“I want to be alone. I just want to be alone” – Greta Garbo, Grand Hotel

And so do I want to often be alone, except when I don’t, in which case I choose the particular way in which I want to connect, such as…

…hearing the music of a good friend’s voice on the telephone,

…or seeing the full essence of a friend’s personality over a long (long) dinner,

…or reading a friend’s particular way with words in an email,

…or touching my husband’s hand, sitting side-by-side in silence at a movie,

… or listening to the sounds of the laughter and conversation and interruptions between friends around our dinner table,

… or enjoying the silent appreciation of an art exhibit, in a quiet museum filled with people,

… or watching the cardinals, the blue jays, the sparrows and the finches fight for dipping space in the birdbath on a hot day,

… or laughing at a text from my husband or my stepson about something goofy.

“Let’s assume, though, that we all have a set number of days to indent the world with our beliefs, to find and create the beauty that only a finite existence allows for, to wrestle with the question of purpose and wrestle with our answers.” – Jonathan Safran Foer

I Vant to be alone. I don’t Vant to be alone. I can feel companioned when I am alone pruning the knockout roses, surrounded by bumblebees and spiders and the occasional black snake. I can feel like I am the only person in the world walking down a crowded Fifth Avenue at dusk, taking in the last gasps of the setting sun.

I can be fully present whatever I am doing, with whomever I am doing it, depending on my mood, depending on the day. Or I can turn inside for a while to refill the well, depending on my mood, depending on the day.Technology can help or hinder, depending on whether my choice, at any given moment, is a conscious one or not.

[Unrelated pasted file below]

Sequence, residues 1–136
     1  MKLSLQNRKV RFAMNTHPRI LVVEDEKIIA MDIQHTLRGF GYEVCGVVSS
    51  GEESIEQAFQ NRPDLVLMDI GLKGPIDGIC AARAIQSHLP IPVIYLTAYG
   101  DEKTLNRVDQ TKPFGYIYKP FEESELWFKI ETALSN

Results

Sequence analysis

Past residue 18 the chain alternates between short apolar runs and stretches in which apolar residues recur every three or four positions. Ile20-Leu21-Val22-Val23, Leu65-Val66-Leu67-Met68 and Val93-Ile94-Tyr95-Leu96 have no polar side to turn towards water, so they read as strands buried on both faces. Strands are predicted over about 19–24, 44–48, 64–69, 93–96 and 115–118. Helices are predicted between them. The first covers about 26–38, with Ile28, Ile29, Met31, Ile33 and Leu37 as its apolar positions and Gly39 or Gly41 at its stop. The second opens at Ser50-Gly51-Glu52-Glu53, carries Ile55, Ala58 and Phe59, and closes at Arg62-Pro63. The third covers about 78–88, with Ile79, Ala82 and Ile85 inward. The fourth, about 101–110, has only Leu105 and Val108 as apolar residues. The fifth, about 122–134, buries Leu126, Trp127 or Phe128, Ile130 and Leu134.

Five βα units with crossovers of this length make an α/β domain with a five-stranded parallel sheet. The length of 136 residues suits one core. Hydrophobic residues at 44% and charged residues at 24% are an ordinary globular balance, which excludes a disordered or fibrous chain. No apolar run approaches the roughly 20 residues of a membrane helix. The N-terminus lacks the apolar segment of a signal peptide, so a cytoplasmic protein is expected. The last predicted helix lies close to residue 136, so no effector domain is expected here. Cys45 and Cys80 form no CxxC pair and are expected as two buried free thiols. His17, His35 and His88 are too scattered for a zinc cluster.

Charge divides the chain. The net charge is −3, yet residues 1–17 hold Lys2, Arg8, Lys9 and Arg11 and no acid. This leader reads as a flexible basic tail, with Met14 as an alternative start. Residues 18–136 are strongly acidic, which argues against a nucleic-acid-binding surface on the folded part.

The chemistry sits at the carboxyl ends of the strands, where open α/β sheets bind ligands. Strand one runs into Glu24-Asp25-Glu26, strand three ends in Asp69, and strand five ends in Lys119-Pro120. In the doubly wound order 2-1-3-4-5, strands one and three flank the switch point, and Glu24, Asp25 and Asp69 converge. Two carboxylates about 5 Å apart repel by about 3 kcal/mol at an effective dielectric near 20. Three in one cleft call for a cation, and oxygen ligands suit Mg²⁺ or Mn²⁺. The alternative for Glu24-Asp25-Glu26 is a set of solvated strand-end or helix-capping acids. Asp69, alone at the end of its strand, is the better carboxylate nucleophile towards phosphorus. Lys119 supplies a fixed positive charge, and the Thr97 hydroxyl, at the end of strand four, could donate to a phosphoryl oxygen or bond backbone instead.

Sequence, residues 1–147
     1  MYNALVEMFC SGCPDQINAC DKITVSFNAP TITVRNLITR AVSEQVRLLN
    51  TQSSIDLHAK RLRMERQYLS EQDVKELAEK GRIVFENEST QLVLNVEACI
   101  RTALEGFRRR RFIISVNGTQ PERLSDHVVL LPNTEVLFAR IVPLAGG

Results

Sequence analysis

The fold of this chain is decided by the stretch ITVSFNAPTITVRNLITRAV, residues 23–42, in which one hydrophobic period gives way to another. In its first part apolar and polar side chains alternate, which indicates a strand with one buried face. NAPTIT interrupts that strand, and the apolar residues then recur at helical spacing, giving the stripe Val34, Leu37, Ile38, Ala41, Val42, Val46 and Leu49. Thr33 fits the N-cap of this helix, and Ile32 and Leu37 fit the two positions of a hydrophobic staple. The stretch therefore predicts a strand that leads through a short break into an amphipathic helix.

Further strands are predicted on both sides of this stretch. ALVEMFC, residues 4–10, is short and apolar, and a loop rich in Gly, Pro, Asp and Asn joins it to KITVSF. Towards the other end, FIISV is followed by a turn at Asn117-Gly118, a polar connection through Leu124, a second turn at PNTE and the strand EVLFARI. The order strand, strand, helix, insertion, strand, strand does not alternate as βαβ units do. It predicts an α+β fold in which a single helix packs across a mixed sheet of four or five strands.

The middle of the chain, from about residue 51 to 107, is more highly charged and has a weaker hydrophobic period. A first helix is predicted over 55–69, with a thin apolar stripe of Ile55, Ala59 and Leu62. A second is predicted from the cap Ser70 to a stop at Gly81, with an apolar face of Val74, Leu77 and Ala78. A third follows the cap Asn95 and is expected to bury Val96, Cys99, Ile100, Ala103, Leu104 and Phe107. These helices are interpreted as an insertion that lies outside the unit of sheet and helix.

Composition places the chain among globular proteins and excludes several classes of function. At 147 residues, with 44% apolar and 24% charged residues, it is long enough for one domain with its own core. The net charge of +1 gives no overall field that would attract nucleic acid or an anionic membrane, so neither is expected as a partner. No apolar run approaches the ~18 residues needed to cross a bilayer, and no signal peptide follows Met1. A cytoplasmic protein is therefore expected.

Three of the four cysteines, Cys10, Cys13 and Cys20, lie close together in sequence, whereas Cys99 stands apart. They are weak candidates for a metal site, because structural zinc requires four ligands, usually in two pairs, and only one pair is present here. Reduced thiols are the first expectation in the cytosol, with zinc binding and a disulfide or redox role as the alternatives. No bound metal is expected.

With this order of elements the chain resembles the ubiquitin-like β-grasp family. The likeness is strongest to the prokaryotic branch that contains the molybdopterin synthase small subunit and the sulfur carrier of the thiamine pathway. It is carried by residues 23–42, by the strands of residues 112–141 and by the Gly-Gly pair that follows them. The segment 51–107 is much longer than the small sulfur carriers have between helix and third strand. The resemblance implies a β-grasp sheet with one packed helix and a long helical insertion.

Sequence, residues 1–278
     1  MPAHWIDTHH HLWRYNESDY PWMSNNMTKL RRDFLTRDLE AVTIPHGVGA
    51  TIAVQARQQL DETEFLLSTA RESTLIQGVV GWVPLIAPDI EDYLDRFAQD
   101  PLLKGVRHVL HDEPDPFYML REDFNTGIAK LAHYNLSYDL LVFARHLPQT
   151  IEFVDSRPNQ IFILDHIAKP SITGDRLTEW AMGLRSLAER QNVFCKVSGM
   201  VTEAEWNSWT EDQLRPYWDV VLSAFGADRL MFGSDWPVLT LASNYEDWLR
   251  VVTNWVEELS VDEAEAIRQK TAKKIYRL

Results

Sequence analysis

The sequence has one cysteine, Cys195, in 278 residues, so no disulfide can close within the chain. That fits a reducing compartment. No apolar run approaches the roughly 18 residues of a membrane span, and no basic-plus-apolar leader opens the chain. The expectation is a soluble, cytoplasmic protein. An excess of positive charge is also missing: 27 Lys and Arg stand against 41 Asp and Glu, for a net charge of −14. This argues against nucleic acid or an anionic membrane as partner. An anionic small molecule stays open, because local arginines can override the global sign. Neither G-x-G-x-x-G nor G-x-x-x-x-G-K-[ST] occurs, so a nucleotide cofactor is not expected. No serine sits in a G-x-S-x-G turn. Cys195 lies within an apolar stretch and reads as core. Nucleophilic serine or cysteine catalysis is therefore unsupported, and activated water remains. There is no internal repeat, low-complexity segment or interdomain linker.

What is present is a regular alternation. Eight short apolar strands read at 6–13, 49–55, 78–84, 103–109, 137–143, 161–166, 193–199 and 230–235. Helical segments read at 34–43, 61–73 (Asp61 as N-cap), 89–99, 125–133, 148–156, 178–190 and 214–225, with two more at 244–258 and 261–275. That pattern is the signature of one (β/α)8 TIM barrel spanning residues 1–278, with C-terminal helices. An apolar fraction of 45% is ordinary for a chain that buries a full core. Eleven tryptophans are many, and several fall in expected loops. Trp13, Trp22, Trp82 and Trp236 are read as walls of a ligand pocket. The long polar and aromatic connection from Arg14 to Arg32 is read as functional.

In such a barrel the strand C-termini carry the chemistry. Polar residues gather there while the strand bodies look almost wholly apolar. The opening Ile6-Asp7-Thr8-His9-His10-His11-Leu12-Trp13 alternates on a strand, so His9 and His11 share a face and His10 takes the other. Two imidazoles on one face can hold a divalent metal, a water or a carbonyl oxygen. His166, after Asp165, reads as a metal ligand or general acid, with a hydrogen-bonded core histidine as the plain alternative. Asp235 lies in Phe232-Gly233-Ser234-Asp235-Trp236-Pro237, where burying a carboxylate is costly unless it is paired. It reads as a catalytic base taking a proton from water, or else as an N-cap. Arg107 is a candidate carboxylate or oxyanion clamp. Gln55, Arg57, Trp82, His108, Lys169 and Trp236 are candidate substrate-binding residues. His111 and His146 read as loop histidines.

No matter what, I think Jonathan Safran Foer gets it right in How Not to Be Alone when he writes:

“I worry that the closer the world gets to our fingertips, the further it gets from our hearts. It’s not an either/or — being “anti-technology” is perhaps the only thing more foolish than being unquestioningly “pro-technology” — but a question of balance that our lives hang upon.”

Me, too, Jonathan, me too.

So, at this particular moment on this particular Sunday, I choose to say Hello through this post, after which I will choose to put on my visor and spend time with the roses and bumblebees, after which I will choose to spend some time with myself, after which I will choose to call my husband to tell him I love him…after which, well, I don’t know yet, because the day is still unfolding.

And at the end of the day, after it is done with its unfolding, I hope I have managed to somewhat keep my heart, brain and soul connected and not scattered every which way with the wind.